A suspension concentrate containing 400 g/l (36.0 % w/w) propyzamide JUDO A broad spectrum herbicide for use in winter oilseed rape
DIRECTIONS FOR USE
Important: This information is approved as part of the Product Label. All instructions within this section should be read carefully in order to obtain safe and successful use of this product.
Soil and weather conditions
Moist soils are necessary for root uptake of JUDO. Best residual action is obtained in moist soils of fine tilth. JUDO may be applied under frosty conditions but it is important to avoid run-off from the soil surface. Avoid drift onto neighbouring crops. Avoid applying JUDO near water. Do not apply JUDO if heavy rain is forecast. Best results will be obtained when growth of weeds is slow but transpiration continues. In mild autumns/winters, emerged weeds may take longer to be controlled; the residual activity of JUDO will be shortened and overall control may be reduced. The efficacy of JUDO may be reduced in organic soils. Do not treat soils with more than 10% organic matter. Do not treat soils containing excessive organic debris.
Do not apply JUDO to the same land less than 9 months after previous application.
Take care to avoid local over-dosing.
Processed crops – No taints have been detected in tests with treated field crops. Consult your processor before use.
JUDO is a benzamide herbicide (HRAC Group K1). It is advisable to alternate the use of JUDO with a herbicide that has a different mode of action, thus minimizing the build-up of resistant strains. Weed control may be reduced if strains of weeds less sensitive to JUDO develop. Strains of some annual grasses (e.g. black-grass, wild-oats and Italian rye-grass) have developed resistance to herbicides which may lead to poor control. A strategy for preventing and managing such resistance should be adopted. Guidelines have been produced by the Weed Resistance Action Group and copies are available from the HGCA, CPA, your distributor, crop adviser or product manufacturer
Crop, Application Rates and Timings
WINTER OILSEED RAPE
As a general rule, weed control and yield benefit will be optimal when treatment is made at an early growth stage.
Rate of application:
1.25-2.1 litres/ha (also see Control of Blackgrass in Winter Oilseed Rape)
Volume of water:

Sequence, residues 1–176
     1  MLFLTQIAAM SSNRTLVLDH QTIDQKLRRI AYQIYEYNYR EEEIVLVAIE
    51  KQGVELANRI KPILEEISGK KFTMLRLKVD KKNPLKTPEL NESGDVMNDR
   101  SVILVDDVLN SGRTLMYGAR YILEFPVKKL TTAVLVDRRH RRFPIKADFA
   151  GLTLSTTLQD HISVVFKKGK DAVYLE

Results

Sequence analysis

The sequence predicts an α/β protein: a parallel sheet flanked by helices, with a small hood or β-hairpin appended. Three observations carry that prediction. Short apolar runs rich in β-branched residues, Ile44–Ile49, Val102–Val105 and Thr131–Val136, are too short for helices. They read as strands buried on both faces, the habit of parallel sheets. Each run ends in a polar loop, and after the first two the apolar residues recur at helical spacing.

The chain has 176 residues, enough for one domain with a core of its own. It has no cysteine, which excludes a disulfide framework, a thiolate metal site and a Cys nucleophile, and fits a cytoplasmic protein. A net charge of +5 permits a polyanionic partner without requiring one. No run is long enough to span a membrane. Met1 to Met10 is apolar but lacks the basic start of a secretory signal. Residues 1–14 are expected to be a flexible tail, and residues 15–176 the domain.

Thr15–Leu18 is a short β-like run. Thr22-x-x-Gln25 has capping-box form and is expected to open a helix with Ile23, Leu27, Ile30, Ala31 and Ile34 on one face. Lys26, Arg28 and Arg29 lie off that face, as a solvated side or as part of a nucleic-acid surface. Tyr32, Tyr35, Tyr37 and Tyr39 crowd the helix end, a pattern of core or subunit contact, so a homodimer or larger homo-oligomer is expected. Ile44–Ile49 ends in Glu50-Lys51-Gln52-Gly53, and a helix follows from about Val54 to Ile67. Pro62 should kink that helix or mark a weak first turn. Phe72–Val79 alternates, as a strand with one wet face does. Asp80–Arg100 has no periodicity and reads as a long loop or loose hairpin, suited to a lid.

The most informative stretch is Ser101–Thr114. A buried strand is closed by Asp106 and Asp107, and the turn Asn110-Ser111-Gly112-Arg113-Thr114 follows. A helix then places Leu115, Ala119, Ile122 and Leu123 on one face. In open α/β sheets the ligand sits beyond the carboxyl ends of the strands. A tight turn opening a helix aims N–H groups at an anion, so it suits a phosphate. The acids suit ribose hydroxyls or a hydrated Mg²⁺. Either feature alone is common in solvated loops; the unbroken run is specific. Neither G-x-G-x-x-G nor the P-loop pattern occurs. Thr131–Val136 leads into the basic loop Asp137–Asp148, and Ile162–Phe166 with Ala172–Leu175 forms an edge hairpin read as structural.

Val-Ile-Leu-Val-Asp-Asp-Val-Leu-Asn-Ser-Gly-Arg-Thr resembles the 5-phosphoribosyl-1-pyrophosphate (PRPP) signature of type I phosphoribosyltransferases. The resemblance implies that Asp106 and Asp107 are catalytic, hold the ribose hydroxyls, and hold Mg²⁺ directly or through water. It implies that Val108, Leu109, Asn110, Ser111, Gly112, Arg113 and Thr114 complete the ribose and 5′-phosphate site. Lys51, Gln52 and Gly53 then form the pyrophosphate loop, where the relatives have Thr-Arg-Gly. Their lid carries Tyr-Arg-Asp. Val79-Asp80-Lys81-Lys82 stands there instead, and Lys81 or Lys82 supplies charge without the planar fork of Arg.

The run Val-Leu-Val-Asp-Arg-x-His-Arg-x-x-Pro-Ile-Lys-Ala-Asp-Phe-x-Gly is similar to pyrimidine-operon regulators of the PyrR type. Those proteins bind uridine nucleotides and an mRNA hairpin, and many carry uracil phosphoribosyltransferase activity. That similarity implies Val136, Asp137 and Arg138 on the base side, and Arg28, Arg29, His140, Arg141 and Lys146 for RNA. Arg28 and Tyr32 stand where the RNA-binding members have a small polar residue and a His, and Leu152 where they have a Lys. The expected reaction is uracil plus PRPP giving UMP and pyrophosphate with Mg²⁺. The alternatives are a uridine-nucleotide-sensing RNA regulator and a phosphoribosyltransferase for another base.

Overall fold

Apply JUDO in 200-500 litres of water per ha. Ensure good ground cover.
Rates of Application and Weeds Controlled:
Oilseed rape must be treated as soon as possible after 3rd true leaf stage. Crop selectivity depends on rooting depth and transient crop effects may occur to shallow-rooted crops. The application time is from 1st October to 31st January.
Control of Black-grass in Winter Oilseed Rape
Where populations of black-grass and/or volunteer cereals exceed 50/m2 JUDO should be applied in tank mix with an approved graminicide, or following an effective approved graminicide to ensure optimum weed control. Where partial resistance (R# or RR#) to the partner graminicide is known to exist the dose of JUDO may be increased to 2.1 litres/ha. This may also be done if applications are made early in the season, under warm conditions and an increase in the duration of residual control is required (see ‘Soil and weather conditions’ above). Where high levels of resistance (RRR#) to the partner graminicide occurs there is no advantage of adding this graminicide to JUDO for blackgrass control, and JUDO even at 2.1 litres/ha will not give acceptable levels of control in these circumstances.
Mixing and Application:
Shake the container thoroughly before opening and use. Half-fill the spray tank with clean water and begin agitation. Add the required quantity of JUDO to the water. Rinse the empty container thoroughly with water and add the rinsings to the tank. Complete the filling and spray immediately. Maintain agitation while travelling and throughout the spraying operation. Do not allow the spray mixture to stand. Thoroughly wash all spraying and measuring equipment with water immediately after use.
Consult Headland Agrochemicals or your distributor for the latest information. Latest recommendations may also be found on our website at www.headland-ag.co.uk.
|Cropsarrow_upward||arrow_upwardBBCH||arrow_upwardRegistred norm||arrow_upwardPreharvest Interval|
|Winter rape||0 - 0||2.1 - 2.1||-|
- Common knotgrassPolygonum aviculare ★★★
- Annual bluegrassPoa annua ★★★
- Annual nettleUrtica urens ★★★
- Common chickweedStellaria media ★★★
- Spotted ladysthumbPolygonum persicaria ★★★
- Sterile bromeBromus sterilis ★★★
- Common SpeedwellVeronica officinalis ★★★
- Fat henChenopodium album ★★★
- Black bindweedFallopia convolvulus ★★★
- BlackgrassAlopecurus myosuriodes ★★★
- Spring wild oatAvena fatua ★★★
- European black nightshadeSolanum nigrum ★★★
- Volunteer cerealsVolunteer cereals ★★★
- CleaversGalium aparine ★★
- Field Forget-me-notMyosotis arvensis ★★
- Perennial sow thistleSonchus arvensis ★
- Canada thistleCirsium arvense ★
- Gallant soldierGalinsoga parviflora ★
- Common dandelionTaraxacum officinale ★
- Field bindweedConvolvulus arvensis ★
- White cloverTrifolium repens ★
- ChamomileMatricaria recutita ★
- Spiny sowthistleSonchus asper ★
- Sow thistleSonchus oleraceus ★
- Scentless mayweedTripleurospermum sp. ★
- Welted thistleCarduus crispus ★
- Common groundselSenecio vulgaris ★
- Spear ThistleCirsium vulgare ★
- Common RagwortSenecio jacobaea ★
- Cotton thistleOnopordum acanthium ★
- Scarlet pimpernelAnagallis arvensis ★
- Common poppyPapaver rhoeas ★
- Dwarf thistleCirsium acaule ★
- Musk thistleCarduus nutans ★
- Stinking MayweedAnthemis cotula ★